There are very specific rules under UK law about the process of liquidating a limited company.
Directors will either choose this process voluntarily, or find their company forced into liquidation via a court order.
Company liquidation is appropriate for both solvent and insolvent companies.
In all cases you’ll need the help of a licensed insolvency practitioner such as ourselves. This is a legal requirement in order to ensure fair play for creditors.
Read on to explore a complete guide to the process.
Company Liquidation: Definition
Company liquidation, also known as ‘winding up a company’ is the process of closing a limited company via the realisation of its assets.
Company liquidation can be precipitated by insolvency, in which case the liquidation process involves the sale of assets for the benefit of creditors. Or it can be the choice of a solvent company with assets seeking a tax efficient means of closing the business.
In all cases liquidation must be carried out by a licensed insolvency practitioner: directors cannot liquidate a company themselves.
Below you’ll read about the three main types:
If a company doesn’t pay its debts, creditors can use a process known as a winding up petiion to force it into liquidation. The petition, a type of final demand letter that places the situation before a judge, is then ruled upon in High Court and is the key precusor to the compulsory liquidation process. If the judge finds that the debtor company cannot pay a winding up order is made that instantly puts the company into compulsory liquidation.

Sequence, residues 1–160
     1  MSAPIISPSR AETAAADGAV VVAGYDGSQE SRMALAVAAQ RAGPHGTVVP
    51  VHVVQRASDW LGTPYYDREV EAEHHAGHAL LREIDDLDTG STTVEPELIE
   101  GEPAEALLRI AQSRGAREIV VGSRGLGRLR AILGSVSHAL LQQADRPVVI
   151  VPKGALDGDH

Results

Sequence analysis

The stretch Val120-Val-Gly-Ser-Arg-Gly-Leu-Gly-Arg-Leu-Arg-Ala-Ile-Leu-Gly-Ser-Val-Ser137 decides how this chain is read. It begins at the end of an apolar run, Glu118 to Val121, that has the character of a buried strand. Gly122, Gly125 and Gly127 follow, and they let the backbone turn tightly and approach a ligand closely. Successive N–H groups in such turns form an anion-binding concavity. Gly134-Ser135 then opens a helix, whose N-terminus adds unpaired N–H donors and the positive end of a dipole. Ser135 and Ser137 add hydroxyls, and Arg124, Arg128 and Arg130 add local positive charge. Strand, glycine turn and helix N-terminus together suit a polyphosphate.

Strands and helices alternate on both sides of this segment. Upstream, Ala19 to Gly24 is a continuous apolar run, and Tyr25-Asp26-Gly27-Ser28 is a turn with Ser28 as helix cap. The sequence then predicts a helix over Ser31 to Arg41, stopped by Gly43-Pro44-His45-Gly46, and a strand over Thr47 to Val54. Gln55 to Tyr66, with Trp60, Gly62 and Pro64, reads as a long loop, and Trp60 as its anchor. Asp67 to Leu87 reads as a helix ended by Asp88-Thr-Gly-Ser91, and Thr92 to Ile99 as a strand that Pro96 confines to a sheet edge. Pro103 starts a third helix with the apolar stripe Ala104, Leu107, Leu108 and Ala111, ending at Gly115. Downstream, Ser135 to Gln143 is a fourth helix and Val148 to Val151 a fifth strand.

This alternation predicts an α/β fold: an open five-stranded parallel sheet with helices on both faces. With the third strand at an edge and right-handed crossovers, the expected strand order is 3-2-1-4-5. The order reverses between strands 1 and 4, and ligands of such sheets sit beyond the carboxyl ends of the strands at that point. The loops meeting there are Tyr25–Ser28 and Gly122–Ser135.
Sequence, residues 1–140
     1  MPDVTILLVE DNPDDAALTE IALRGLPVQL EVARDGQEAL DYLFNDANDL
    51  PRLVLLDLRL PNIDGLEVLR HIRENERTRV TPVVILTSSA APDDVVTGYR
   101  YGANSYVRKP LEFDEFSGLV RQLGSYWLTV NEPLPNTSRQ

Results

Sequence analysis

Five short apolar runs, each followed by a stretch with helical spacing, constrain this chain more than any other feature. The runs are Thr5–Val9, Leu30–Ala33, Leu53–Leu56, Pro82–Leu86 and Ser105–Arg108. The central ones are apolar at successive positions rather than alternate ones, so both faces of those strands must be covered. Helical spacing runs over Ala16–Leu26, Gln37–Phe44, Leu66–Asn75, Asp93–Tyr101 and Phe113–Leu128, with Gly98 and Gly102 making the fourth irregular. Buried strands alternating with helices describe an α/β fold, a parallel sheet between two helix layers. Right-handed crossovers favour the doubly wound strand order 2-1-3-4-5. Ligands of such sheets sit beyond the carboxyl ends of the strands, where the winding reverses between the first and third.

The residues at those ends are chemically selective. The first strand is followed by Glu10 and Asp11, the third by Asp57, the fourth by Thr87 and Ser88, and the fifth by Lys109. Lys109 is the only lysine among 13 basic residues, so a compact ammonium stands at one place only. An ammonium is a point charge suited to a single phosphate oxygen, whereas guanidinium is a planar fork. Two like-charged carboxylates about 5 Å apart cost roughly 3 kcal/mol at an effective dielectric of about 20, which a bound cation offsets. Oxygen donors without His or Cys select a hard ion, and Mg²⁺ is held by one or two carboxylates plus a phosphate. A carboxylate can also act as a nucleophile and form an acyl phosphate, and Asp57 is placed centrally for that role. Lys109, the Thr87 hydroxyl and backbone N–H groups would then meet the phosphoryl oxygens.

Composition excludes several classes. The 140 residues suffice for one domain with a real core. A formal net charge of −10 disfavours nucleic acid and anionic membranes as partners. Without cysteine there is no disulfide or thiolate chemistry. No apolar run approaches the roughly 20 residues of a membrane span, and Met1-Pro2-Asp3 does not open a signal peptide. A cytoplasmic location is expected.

Creditors Voluntary Liquidation
This is the correct method of liquidation for an insolvent company that choose to voluntarily start the process before creditors can make it compulsory. It has the advantage of allowing the directors more control over the process, as well as choosing a firm of insolvency practitioners they feel is empathetic to their situation.
CVL’s must be conducted via a licensed insolvency practitioner.
Members Voluntary Liquidation
For a solvent company with no assets and no debt, the member’s voluntary liquidation process allows an insolvency practitioner to close the company neatly, and in a tax efficient manner.
MVL’s allow the possibility of business asset debt relief (formerly known as ‘entrepreneurs relief’) which allows a 10% Capital Gains tax on qualifying assets.
Company Liquidation Process
The company liquidation procedure typically begins with the appointment of a licenced insolvency practioner. The IP will compile a statement of affairs document, communicate with creditors, sell assets at fair value and distribute the proceeds to creditors. At the end of the process the company is struck off the register at Companies House and ceases to exist.
The typical costs of a company liquidation for smalle businesses are between £4000 and £7000 + VAT.
If the company has no money itself, the costs can usually be found from the sale of corporate assets.